By Jeff Hannes It was a dark time for the Rebellion. Their champion Luke Skywalker had fallen at the hands of the Emperor. A rampaging Rancor had already demolished two of their once hidden bases. And the terrible Death Star was nearing completion. Then a figure emerged from the shadows — small, green, powerful. With a wave of his four-fingered hand, Yoda distracted the Rancor using an old Jedi mind trick, leaving the Imperial headquarters on Courascant open to attack. Yoda led the charge along with with a fellow Jedi who had been in hiding. Just as they were about to reach the base, the Jedi felt his throat tighten. The Dark Lord of the Sith Darth Vader was choking the life out of him, and without his help the mission could not possibly succeed. But Yoda wasn’t out of tricks yet. With the power of the Force, he was able to deflect Vader’s attention, and the Dark Lord took out his fury on one of his own men instead, killing a TIE Fighter pilot who had let the Jedi slip through their defenses unnoticed. With the path clear, Yoda and his team laid the charges to destroy the Imperial headquarters, bringing the promise of peace to the galaxy once more… And therein summarizes my first experience playing Star Wars: The Card Game. An eye-opening experience, not just for the story the game told, but for the whole package. Theme, mechanics, interaction… I was impressed across the board. So why
In case you missed it, Tom Vasel of The Dice Tower recently posted a video review that covers our GameChips and VictoryChips products. If you are not familiar with The Dice Tower, it’s primary focus is on producing a weekly podcast that covers topics of interest to tabletop gamers (primary board and card games). In my opinion, its the best podcast currently available for the gaming hobby. If you’re not an active follower of The Dice Tower podcast, give it a try…it is audio goodness. Please note that the 4/7/15 value VictoryChips were a Kickstarter Exclusive. These values will be available for general sale next year.
I must confess, I’ve never been a big fan of mini based games and while I enjoy Star Wars, I’m not an uber-fan. So, when one of my friends brought over a copy of the Star Wars X-Wing Miniatures Game Core Set, I was agreeable to give it a try but didn’t have huge expectations. By the end of the starter game I was sold. The simplicity of the game, and the great components really triggered my need to start collecting a fleet of my own. I even decided to call GeekChic and order a star-field background for my Emissary gaming table. I would highly recommend finding some type of backdrop to use as it really completes the immersion of being in a massive space battle. It looks like GaleForce Nine is working on some play mats that might be perfect for this. After a few more games, my acquisition disorder was fully engaged as I came to the conclusion that I must continue to grow the fleet. The first order of business was figuring out how to store all those cool ships. I had originally use a Plano box, which worked pretty well but then someone posted a link to the custom trays by Battle Foam. There is another post dedicated to discussion about the Battle Foam, so I won’t go into more detail here. While I’m not sure its the best miniatures game on the market..it really found the sweet spot for me. pre-painted mini’s, quick rules,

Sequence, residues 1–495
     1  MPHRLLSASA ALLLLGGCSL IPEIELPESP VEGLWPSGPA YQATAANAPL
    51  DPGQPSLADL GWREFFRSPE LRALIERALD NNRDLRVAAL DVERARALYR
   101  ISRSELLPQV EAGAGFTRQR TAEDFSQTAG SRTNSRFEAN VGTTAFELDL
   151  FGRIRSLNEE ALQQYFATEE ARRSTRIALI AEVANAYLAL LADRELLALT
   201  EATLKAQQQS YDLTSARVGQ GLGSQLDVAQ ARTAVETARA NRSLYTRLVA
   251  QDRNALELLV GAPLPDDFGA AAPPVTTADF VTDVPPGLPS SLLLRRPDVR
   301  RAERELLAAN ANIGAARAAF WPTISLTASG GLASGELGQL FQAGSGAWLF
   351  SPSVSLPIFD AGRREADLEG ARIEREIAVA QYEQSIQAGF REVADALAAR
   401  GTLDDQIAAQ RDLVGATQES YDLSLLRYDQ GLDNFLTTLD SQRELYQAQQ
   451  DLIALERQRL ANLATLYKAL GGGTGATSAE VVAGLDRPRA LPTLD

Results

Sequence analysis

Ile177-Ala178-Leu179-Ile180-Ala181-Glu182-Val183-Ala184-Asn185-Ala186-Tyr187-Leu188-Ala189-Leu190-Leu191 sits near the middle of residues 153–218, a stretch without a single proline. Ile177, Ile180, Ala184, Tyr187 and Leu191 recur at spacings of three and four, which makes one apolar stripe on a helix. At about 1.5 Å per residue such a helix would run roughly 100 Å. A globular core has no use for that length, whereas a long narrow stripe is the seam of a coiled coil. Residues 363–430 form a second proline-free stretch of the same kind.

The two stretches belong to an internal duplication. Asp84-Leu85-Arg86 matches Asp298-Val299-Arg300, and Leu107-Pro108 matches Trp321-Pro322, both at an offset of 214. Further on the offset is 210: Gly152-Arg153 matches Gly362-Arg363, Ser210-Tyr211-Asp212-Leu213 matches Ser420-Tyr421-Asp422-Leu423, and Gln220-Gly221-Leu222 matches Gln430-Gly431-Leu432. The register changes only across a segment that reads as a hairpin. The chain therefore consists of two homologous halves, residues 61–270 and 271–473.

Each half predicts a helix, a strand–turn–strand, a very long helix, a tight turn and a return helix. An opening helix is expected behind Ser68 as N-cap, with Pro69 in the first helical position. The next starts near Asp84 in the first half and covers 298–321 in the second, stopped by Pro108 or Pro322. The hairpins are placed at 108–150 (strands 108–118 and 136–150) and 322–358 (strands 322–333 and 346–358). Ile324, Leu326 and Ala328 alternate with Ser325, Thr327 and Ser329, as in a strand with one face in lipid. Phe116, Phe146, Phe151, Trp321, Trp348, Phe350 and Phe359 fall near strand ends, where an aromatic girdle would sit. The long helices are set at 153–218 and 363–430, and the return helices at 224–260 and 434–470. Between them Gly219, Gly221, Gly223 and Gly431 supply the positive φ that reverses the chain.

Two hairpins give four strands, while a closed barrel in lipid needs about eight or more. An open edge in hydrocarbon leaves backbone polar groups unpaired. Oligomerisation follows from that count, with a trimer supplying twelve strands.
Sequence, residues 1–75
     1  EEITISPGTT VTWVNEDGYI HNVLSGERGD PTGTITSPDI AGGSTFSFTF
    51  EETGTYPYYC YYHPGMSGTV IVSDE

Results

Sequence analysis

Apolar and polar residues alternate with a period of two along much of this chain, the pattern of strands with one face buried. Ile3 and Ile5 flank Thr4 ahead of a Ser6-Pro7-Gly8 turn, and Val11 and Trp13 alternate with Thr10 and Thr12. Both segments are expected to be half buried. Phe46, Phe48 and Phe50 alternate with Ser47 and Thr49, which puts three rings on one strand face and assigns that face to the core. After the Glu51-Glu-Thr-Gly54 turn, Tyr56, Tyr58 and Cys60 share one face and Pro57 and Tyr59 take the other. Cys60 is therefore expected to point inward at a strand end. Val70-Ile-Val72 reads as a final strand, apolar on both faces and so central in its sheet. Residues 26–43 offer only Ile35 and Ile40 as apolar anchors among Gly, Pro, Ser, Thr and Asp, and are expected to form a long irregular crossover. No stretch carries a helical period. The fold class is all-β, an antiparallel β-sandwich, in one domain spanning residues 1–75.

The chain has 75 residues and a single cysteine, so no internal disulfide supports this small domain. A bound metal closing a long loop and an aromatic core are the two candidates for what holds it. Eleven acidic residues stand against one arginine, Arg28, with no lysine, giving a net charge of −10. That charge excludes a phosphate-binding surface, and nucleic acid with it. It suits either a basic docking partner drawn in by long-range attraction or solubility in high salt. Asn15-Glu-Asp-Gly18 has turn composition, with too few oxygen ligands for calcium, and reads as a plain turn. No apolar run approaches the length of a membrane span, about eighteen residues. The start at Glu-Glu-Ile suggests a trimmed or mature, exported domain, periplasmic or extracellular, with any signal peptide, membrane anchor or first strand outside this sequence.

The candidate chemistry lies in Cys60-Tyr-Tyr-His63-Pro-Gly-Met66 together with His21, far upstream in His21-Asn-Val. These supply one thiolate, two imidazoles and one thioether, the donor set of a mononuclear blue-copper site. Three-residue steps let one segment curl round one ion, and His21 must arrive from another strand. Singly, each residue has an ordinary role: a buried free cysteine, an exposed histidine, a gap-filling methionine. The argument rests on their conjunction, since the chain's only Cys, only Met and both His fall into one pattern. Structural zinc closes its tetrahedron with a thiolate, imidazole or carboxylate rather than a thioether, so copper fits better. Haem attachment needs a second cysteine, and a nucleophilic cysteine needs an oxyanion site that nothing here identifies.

This post is for those of you are afflicted with dreaded acquisition disorder for Star Wars: X-Wing miniatures. As you continue to acquire more ships for your fleet, you will start to think about storage solutions. I started off with a Plano box and once I grew past that I started to search for something BIGGER. My search lead me to the P.A.C.K 216 by Battle Foam. This storage solution is essentially two parts. Part 1 – The Bag The first part being a canvas bag and the second foam inserts that have been customized (i.e cut) to fit your miniatures and other game bits. Here’s the manufacturers description of this bag. At the time of this post, the bag was priced at $47.99 The P.A.C.K. (Personal Army Combat Kit) 216 can fit 4 inches (102 mm) of foam. Its rugged olive canvas exterior protects a hard plastic interior built for strength and durability. Its design includes a zipper on the bottom to allow for attachment to the P.A.C.K. 1520 XL or P.A.C.K. Plus. It was also designed for airport travel and meets all FAA regulations for carryon luggage.This bag comes empty, but can be ordered with pluck or custom cut foam. Overall Bag Dimensions – 17W x 15L x 5H” (432W x 381L x 127H mm) Part 2 – The Foam The second part of this setup is the foam inserts. For this review, we used the “Star Wars Game Foam Kit for the P.A.C.K. 216
In Suburbia, you can become a founding father of a new city, full of airports, lakes, office buildings, and the occasional landfill or mobile home community. Our GameKnight review crew got together for some city development sessions. See if we approved a plan for Suburbia‘s continued excellence or scheduled it for demolition.